As in every marriage of that length we had our ups and downs. But mostly we loved each other. Bernie told me he wanted to die at home, not attached to tubes, not to extend his life by mechanical means. He died in my arms with his children holding his hands.
What has your experience of grief been like since your loss? How has it changed over time?
When my husband died in 2013 I was introduced to the American way of death. There were mountains of paperwork—thank you notes, pension documents, social security forms, insurance claims, wills, bills from the funeral home, bills for car rentals and much more. My daughters took care of most of the details.
At first my home was crowded with people and food. Co-workers, neighbors, and relatives came from all over; some left after the funeral and others stayed on to be with me. I met with a grief counselor at my children's insistence, but she didn't help me. She kept telling me I couldn't move on until I got over the anger of his dying on me. But I was never angry at my husband; I was angry at the American health system that involved tons of paper work to help pay for his care while he was dying.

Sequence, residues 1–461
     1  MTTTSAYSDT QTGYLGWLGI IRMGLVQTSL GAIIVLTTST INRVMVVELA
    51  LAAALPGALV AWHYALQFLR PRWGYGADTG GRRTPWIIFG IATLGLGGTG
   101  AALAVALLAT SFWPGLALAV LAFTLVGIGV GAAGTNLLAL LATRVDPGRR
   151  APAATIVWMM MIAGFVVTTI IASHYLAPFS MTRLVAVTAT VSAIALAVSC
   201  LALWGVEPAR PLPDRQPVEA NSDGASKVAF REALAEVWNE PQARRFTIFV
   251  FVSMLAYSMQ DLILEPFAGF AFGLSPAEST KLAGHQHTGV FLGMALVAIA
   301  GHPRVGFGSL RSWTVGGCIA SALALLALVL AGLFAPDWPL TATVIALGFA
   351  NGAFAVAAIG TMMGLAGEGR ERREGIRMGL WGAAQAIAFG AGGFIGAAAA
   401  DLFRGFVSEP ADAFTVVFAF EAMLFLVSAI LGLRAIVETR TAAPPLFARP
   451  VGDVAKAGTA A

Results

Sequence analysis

For whatever reason I didn't mourn right away. I was told that I was in denial. Four months later when everyone had gone home I realized that it wasn't a dream, that Bernie was never coming back. I felt as if I had fallen off a cliff. I didn't cry and moan, but I isolated myself. I stopped seeing friends, stopped going out, was alone for the first time in my life, and simply didn't know what I was doing in a rental far from the East Side neighborhood I had lived in for 38 years. I was lonely, scared, and unable to cope.